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Riots, Towns Gone Dry, Soaring Prices: The Food-Pocalypse Is Already Upon Us

If this sounds like fear-mongering from scientists, talk to the farmers.

The mother of all climate reports is so scary that one of its authors resigned from the Intergovernmental Panel on Climate Change (IPCC) in protest. "Farmers are not stupid," the Sussex University economist Richard Tol  said this past week, as hundreds of researchers cloistered away in Yokohama, Japan, hammering out the final wording of a document that he called "alarmist" when it comes to the many threats of global warming. The people who grow our food will find ways to adapt, said the rogue climate scientist at the most important climate science meeting in seven years.

But change isn't easy – especially not tectonic changes to the Earth. The final wording  arrived today, and the IPCC report's  most alarming projections make clear what many other studies have warned: the future of agriculture – of global hunger, of your grocery bill –  is screwed. Or as UN secretary general Ban-Ki Moon  put it rather more politely when he inaugurated the first rounds of the IPCC report last September: "The heat is on. We must act."

Glaciers will continue to shrink in the Himalayas, according to the IPCC, severely impacting the availability of water for farming in vast areas of south Asia and China. Climate change will damage heat-sensitive crops like wheat and corn, and have a smaller impact on rice and soy production. Prices for essential staples will rise on the global market. Hunger will increase in large parts of Asia and Africa. "Nobody on this planet is going to be untouched by the impacts of climate change," predicted the IPCC chief Rajendra Pachauri  at a morning news conference.

The new report says that all of these very bad things will happen in future decades, as climate change picks up steam. But  as I found out in east Africa last month, the future is already here for too many of the world's farmers. In Tanzania, the twice yearly seasonal rains upon which so many growers depend no longer come on time – and they're sporadic, drenching downpours at that, alternating with prolonged dry spells. Heat spikes have also been withering maize crop, and wells and streams are increasingly drying up.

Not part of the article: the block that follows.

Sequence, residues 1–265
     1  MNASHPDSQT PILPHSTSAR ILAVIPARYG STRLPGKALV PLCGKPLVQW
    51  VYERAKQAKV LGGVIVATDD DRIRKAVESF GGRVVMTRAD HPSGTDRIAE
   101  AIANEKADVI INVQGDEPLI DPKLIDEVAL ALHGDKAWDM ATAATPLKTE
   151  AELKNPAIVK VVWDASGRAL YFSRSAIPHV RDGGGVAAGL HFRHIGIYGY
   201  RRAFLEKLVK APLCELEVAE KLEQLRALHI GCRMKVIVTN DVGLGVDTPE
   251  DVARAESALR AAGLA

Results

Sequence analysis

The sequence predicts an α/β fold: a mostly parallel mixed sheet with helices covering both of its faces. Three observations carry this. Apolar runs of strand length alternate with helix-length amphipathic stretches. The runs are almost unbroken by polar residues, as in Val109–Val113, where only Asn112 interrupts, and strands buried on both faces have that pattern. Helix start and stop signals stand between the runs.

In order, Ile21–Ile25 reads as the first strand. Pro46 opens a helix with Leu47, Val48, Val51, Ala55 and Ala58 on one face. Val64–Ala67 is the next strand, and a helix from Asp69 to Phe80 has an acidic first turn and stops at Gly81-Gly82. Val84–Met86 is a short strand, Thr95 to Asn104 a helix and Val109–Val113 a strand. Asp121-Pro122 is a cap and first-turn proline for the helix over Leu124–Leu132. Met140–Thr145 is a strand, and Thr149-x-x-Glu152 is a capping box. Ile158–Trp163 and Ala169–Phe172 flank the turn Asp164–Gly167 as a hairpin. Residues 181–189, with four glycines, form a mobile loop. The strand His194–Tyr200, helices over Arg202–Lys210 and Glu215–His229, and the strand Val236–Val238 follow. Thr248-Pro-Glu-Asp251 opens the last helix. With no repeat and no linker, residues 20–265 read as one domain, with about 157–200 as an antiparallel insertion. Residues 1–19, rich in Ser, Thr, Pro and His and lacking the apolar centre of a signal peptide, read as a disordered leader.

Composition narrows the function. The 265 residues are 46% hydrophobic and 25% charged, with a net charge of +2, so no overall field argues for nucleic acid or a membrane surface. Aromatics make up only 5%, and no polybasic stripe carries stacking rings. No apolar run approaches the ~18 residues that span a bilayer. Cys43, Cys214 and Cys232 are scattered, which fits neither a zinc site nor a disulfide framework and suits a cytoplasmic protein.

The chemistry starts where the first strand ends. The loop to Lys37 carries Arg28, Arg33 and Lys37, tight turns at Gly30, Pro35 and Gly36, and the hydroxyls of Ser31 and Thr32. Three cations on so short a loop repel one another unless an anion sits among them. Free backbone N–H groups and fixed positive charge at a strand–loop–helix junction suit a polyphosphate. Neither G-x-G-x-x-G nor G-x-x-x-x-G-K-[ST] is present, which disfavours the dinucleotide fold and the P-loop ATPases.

The area where Dephath Omondi farms in southern Kenya looks lush, with emerald maize fields bordered by towering acacias. But he tells me that appearances are deceptive.

Twenty-five years ago the weather here was predictable – the long rains started mid-March to mid-May, then the short rains started in late August, early September. In the last decade, these rains never come on time. We have had floods and week upon week, with no rain at all. Farmers are confused about when and what to plant. It is all very worrying.

Similar disruptions are already challenging farmers worldwide.  In Vietnam's Mekong Delta, rural people are losing ground as higher sea levels turn rivers too salty to grow rice.  In Nicaragua, rising temperatures are spreading "coffee rust fungus", a disease which is killing thousands of trees and may render 80% of its the nation's coffee-growing areas unusable by 2050. And  in the central Philippines, coconut farmers are struggling to recover from November's Typhoon Haiyan, which badly damaged or tore out an estimated 33m trees.

Just as there are no atheists in foxholes, there are few climate-change skeptics amongst those who grow the world's food – if any. Farmers don't have to  read UN reports to know how radically their weather is changing. And consumers don't need academic studies or  bullet points to know that food prices are steadily rising.

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